Rogers, Kara. “Scientific Alternatives to Animal Testing: A Progress Report,” britannica.com, Sep. 17, 2007.

Rolston III, Holmes. “Higher Animals: Duties to Sentient Life.” Environmental Ethics: Duties to and Values in the Natural World. Philadelphia: Temple UP, 1988. 45-78. Print.

Singer, Peter. “Becoming a Vegetarian…” Animal Liberation. New York: Avon, 1975. 162-189. Print.

Singer, Peter. “All Animals Are Equal.” Disputed Moral Issues: A Reader. New York: Oxford UP, 2007. 477-485. Print.

Watts, Geoff. “Alternatives to Animal Experimentation,” BMJ, Jan. 27, 2007

Yancy, George, Ph.D. “Teaching Dangerously.” 2017 Lecture Series: Human Rights in the New

Age of American Politics. Fordham University, Bronx. 22 Mar. 2017. Lecture.

Ethics & Society Newsfeed: December 8, 2017

robot-2589090_1920
Image via

Technology Ethics

Artificial Intelligence Seeks An Ethical Conscience
“Leading artificial intelligence researchers gathered this week for the prestigious Neural Information Processing Systems conference have a new topic on their agenda. Alongside the usual cutting-edge research, panel discussions, and socializing: concern about AI’s power.

Four ethical priorities for neurotechnologies and AI
“Artificial intelligence and brain–computer interfaces must respect and preserve people’s privacy, identity, agency and equality, say Rafael Yuste, Sara Goering and colleagues.”

Can we teach robot ethics?

When man meets metal: rise of the transhumans

The Ethics of Self-Driving Cars

Bioethics/Medical Ethics

First Baby Born To U.S. Uterus Transplant Patient Raises Ethics Questions
“…talking about the birth of a baby boy to a mother who underwent a uterus transplant last year. It’s a first in the U.S., but in Sweden, eight babies have been born to mothers with uterus transplants. Not everyone is celebrating though.”

2017’s Word Of The Year In Health Law And Bioethics: Uncertainty

In the World of Online Health Quizzes, Who’s Looking Out for Consumers?

His Tattoo Said ‘Do Not Resuscitate.’ Doctors Wanted Another Opinion.

The ‘smart pill’ for schizophrenia and bipolar disorder raises tricky ethical questions

Conjoined Twins Ethical Dilemma: When Parents Need to Sacrifice One Life for the Other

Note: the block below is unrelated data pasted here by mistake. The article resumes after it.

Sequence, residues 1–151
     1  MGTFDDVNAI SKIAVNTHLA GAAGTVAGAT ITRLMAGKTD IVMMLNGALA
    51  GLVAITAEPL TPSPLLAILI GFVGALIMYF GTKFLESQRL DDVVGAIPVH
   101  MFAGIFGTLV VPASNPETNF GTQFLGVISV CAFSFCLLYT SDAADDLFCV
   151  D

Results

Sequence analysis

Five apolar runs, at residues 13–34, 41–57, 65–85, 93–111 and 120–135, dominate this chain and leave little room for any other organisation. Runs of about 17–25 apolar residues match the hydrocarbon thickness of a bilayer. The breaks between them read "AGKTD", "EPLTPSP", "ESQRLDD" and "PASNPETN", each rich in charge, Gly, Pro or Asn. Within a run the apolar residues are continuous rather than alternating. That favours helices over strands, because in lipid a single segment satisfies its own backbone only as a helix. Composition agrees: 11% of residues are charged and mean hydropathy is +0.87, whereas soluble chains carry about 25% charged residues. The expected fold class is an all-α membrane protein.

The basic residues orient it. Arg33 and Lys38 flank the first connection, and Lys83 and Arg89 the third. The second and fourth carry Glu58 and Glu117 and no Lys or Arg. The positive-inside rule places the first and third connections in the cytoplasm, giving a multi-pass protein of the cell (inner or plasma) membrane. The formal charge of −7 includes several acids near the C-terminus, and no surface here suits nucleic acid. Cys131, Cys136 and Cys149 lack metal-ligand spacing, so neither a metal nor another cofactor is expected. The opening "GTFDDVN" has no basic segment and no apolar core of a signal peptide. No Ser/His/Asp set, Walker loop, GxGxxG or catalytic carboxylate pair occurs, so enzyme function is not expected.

The Ethics of a Child’s Future Fertility

Research Ethics

Purdue University Mounted a Child Nutrition Study. It Went Very, Very Wrong.

Politics

Ethics panel denied details on lawmakers accused of harassment
“Members of Congress voiced frustration Thursday that they remain in the dark about exactly how many of their colleagues have been accused of sexual harassment due to confidentiality rules they’re hoping to reform.”

McConnell: Moore will face Senate ethics probe if he wins election

Ethics Committee launches investigation into Farenthold sexual harassment allegations

Intelligence Committee chair Devin Nunes cleared of wrongdoing in House ethics probe

Former Ethics director to file second complaint against Kellyanne Conway

Business Ethics

Auditors and ethics: its worse than you think
“A decline in ethics would ultimately have a ripple effect into the economy with the poor the most likely collateral damage”

Changing Culture and Ethics at Uber

What’s The Difference Between Business Etiquette And Business Ethics?

Sustainable finance: Can socially responsible investing mitigate climate change?

Ethics and Pop Culture

Plastic Surgeons Weigh In On The Ethics Of Celebrity-Inspired Procedures
“And while we’re all for a person’s right to choose whether or not plastic surgery is for them, we couldn’t help but wonder about the ethics behind celebrity-inspired procedures. For instance, what do doctors do if they think a client’s desire for change verges on obsession? Do they refuse procedures or go a different route?” 

Sia tweets a long response to article criticising her collaboration with a child dancer

Dangerous Ethics Oversight in Purdue Child Nutritional Study: Fordham University’s Dr. Celia Fisher Weighs In

purdue-university-1848563_1920.jpg
Photo via

This past July. an $8.8 million dollar, camp-like nutrition study funded by the National Institutes of Health (NIH) was shut down, resulting in a vast internal investigation at Purdue University, one of the nation’s top research institutions, and raising several issues about research ethics and the role of institutional review boards (IRBs), according to Undark. What went wrong? A video of an adolescent girl showering in a dormitory was posted on social media.

The study, Camp DASH (Dietary Approaches to Stop Hypertension)  was designed to evaluate effects of a low sodium diet on 11- to 15-year-old boys and girls with elevated blood pressure. Purdue University were set to host the children in campus housing for seven weeks in the summer.